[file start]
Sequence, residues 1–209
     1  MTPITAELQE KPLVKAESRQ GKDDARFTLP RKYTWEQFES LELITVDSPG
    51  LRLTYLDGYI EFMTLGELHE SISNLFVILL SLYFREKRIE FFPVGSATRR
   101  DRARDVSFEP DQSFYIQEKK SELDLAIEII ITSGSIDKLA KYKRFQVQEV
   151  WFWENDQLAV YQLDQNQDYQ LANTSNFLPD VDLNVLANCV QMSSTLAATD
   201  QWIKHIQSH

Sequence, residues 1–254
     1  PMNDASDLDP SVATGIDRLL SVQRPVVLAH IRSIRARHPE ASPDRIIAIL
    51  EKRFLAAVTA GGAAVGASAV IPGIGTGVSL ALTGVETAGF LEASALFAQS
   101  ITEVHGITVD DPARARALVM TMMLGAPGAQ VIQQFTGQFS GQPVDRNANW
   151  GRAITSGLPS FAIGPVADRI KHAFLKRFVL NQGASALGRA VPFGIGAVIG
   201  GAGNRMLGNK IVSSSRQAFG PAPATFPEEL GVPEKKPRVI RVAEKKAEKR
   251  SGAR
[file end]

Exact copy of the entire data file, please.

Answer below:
Sequence, residues 1–209
     1  MTPITAELQE KPLVKAESRQ GKDDARFTLP RKYTWEQFES LELITVDSPG
    51  LRLTYLDGYI EFMTLGELHE SISNLFVILL SLYFREKRIE FFPVGSATRR
   101  DRARDVSFEP DQSFYIQEKK SELDLAIEII ITSGSIDKLA KYKRFQVQEV
   151  WFWENDQLAV YQLDQNQDYQ LANTSNFLPD VDLNVLANCV QMSSTLAATD
   201  QWIKHIQSH

Sequence, residues 1–254
     1  PMNDASDLDP SVATGIDRLL SVQRPVVLAH IRSIRARHPE ASPDRIIAIL
    51  EKRFLAAVTA GGAAVGASAV IPGIGTGVSL ALTGVETAGF LEASALFAQS
   101  ITEVHGITVD DPARARALVM TMMLGAPGAQ VIQQFTGQFS GQPVDRNANW
   151  GRAITSGLPS FAIGPVADRI KHAFLKRFVL NQGASALGRA VPFGIGAVIG
   201  GAGNRMLGNK IVSSSRQAFG PAPATFPEEL GVPEKKPRVI RVAEKKAEKR
   251  SGAR